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As I’ve mentioned before in my dinghy daytrips post, one of my favourite ways to spend a day on anchor is to go out exploring in the dinghy. You can also swim, snorkel or even dive if you have the equipment. I love swimming ashore with a pair of flip-flops in hand and taking a stroll along the beach. Once you’re at the beach you can search for shells or sea glass. A simple ball can provide hours of entertainment if there are a couple of you feeling active. A BBQ on the beach with a sunset can be the highlight of any day. (Make sure you take a torch so you can take everything you came with back to the boat.)

how to spend a day on anchor

Preparing food and really taking the time to enjoy a nice lunch or dinner is very enjoyable on anchor. If you’ve been eating quick easy meals or prepared meals whilst you’ve been sailing, spending time in the galley with fresh ingredients from the local shop will feel like a well-earned luxury.

I’m an avid reader and there’s nowhere better than a warm, shady cockpit to lie back and enjoy a good book. It’s also a very inspiring environment if you’re creative. I write best when we’re on anchor. I’ve seen people drawing, painting and even sewing and playing instruments. Basically whatever you enjoy doing on land will generally transport to the boat and be even better! You might need to be creative, but that’s part of the fun.

how to spend a day on anchor

Another fun thing to do whilst on anchor is to meet other sailors and cruisers. We’ve met lifelong friends this way. Lots of sailors share similar interests and values and you can always learn lots from other people. Meeting people with lots of experience and hearing their stories is a lovely way to pass an afternoon or an evening. It’s always fun to see other people’s boats too. If you are shy and not sure how to approach another boat, a polite way would be to pass by them slowly in the dinghy and wave or say hello. It’s usually pretty easy to strike up a conversation about where you’ve come from and no one can resist compliments about their boat! Whatever nationality they are sailors all speak a common language; we love the sea and being close to nature.

how to spend a day on anchor

Make sure you take the time to watch and appreciate the sunset whilst you’re on anchor; it’s one of the most magical moments on a sailboat and the perfect way to end the day.

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Sailing in Skyros

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This week, our guest blogger Georgie Moon shares her experiences about sailing in Skyros, a rather unknown, yet wonderful island in the Sporades. Georgie is an experienced sailor who has contributed several guides and stories about sailing in Greece to the Zizoo magazine. Read on to learn more about sailing in Skyros and why this island is so special. 

The island of Skyros is often regarded as the ‘odd one out’ of the Sporades group. Although it is the largest of the group, Skyros is somewhat remote and therefore off the main tourist trail. There are no ferry links to the other Sporades islands and the only ferry is between Linaria, the main port on Skyros, and Kimi, on the island of Evia, its nearest neighbour. To make up for the lack of inter-island transport, the arrival of the ferry ‘Achileas‘ at Linaria in the late afternoon is announced by loudspeakers in the port booming out the music of Richard Strauss’ ‘Also Sprach Zarathustra’ at full volume. We had read about this before we arrived, but to actually witness it is a surreal experience!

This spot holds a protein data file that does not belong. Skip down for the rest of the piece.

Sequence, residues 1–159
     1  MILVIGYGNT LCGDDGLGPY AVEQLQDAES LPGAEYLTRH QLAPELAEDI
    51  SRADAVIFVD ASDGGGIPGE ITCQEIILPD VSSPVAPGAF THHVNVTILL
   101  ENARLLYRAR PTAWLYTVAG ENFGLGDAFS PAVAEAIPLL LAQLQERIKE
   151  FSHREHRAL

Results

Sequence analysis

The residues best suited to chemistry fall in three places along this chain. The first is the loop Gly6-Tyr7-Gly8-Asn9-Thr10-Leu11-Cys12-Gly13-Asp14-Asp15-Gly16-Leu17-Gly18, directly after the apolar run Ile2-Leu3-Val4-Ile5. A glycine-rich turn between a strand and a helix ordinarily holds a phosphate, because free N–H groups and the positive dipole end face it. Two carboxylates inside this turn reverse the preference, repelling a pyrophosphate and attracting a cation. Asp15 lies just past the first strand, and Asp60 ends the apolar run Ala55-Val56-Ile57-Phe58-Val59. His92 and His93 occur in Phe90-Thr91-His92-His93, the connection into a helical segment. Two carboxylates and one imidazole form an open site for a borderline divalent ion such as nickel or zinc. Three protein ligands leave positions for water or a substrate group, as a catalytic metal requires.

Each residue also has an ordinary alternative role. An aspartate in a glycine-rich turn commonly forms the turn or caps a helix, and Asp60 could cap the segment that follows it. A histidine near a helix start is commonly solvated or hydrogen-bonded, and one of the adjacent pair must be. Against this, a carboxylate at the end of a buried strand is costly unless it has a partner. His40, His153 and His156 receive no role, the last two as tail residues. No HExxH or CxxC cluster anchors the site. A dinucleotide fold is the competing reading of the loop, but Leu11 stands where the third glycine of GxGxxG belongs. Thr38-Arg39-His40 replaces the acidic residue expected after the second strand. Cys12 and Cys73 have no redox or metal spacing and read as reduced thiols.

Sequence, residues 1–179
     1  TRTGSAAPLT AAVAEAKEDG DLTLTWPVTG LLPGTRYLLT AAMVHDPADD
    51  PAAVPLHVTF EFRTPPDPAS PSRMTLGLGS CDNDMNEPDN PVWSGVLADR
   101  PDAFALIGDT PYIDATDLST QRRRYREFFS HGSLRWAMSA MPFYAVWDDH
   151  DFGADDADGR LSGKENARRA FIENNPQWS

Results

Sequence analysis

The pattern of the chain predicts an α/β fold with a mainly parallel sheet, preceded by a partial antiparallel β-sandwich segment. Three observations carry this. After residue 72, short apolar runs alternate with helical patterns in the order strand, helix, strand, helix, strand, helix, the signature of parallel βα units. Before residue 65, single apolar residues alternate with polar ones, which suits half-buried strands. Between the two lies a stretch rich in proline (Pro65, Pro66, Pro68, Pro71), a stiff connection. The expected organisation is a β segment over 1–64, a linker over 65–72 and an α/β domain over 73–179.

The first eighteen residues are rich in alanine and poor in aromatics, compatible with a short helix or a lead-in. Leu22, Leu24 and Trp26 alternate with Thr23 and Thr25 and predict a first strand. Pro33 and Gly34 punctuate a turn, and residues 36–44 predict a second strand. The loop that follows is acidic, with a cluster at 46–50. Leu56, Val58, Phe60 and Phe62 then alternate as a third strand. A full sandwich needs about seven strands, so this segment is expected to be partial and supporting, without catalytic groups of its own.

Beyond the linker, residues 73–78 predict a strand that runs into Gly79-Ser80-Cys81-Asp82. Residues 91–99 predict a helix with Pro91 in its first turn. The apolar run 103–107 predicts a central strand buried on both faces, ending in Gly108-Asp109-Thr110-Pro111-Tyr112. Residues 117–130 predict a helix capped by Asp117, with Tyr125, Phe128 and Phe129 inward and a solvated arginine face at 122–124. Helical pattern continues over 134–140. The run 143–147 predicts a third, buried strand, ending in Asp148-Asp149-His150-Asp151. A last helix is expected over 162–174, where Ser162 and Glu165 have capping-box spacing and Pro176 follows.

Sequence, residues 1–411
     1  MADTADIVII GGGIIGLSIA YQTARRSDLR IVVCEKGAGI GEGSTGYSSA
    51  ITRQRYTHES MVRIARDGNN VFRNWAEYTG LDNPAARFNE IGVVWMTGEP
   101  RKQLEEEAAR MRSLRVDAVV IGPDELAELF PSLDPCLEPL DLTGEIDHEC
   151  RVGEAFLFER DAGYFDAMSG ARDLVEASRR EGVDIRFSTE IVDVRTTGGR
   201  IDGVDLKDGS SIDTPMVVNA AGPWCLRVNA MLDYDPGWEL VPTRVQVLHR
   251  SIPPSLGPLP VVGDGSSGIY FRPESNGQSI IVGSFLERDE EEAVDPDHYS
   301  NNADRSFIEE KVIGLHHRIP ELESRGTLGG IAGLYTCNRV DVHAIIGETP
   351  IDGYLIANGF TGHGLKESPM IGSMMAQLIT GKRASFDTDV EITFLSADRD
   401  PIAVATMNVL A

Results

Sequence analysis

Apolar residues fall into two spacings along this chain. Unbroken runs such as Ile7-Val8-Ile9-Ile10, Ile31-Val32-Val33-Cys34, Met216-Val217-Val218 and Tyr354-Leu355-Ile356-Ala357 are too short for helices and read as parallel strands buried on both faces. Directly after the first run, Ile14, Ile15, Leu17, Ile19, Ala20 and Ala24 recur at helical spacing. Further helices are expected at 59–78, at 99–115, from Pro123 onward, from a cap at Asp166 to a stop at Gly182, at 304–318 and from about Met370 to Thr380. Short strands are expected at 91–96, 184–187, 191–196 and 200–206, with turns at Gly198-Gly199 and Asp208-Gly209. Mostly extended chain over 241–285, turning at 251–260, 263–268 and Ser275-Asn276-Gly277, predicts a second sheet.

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If you pick up a charter boat from Skiathos, it is almost 50 nautical miles in a south-east direction to Skyros, and even if you leave from Alonissos, it is still a 30 mile sail. These distances may make a visit to Skyros by yacht difficult, especially if the weather is unfavourable. However, if you do make the effort, you certainly won’t be disappointed.

Having arrived by yacht in a great many locations in Greece, we have been used to choosing our own berth on arrival, mooring independently, and finding out about the local facilities ourselves. Linaria on Skyros was one of the few places we visited which was not typical of Greek harbours. We were welcomed by the most helpful harbourmaster, who allocated us a berth favourable for the breezy weather conditions, and helped with our mooring lines. Being the only port on Skyros, Linaria is situated in a large bay on the west coast of the island. Facing the prevailing winds, it is not perfect shelter but is certainly tenable. It is also possible to drop anchor at the top of creek if it is blowing strongly. After politely introducing himself in perfect English, the harbour master explained where we could find water, where the shops were, and provided lots of other useful information.

sailing in skyros

The next day we hired a car and enjoyed a tour of the island, and were lucky enough to see many of the famous Skyros ponies, a very rare breed, native to the island. There are only around 300 of these ponies left in the world, and almost 200 are found on Skyros. Many are looked after by volunteers on a farm, which welcomes visitors.

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Another highlight of our trip around Skyros was the drive to the chora, or hill town. This picturesque town of traditional white-washed houses, is full of winding streets, with magnificent views over the countryside, and the beaches below. There is a Byzantine castle at the highest point, guarding everything below it. There is a museum within the castle, and a monastery nearby. It was easy to spend a whole afternoon in the town, looking at the tiny houses with coloured doors, and exploring the narrow alleys full of tiny shops selling traditional goods. The taverna we chose for our meal, welcomed us with a drink of traditional ouzo before showing us round their little kitchens where beautiful Greek dishes were prepared. In the evening, as the sun was setting, we were treated to some stunning views over the Aegean Sea.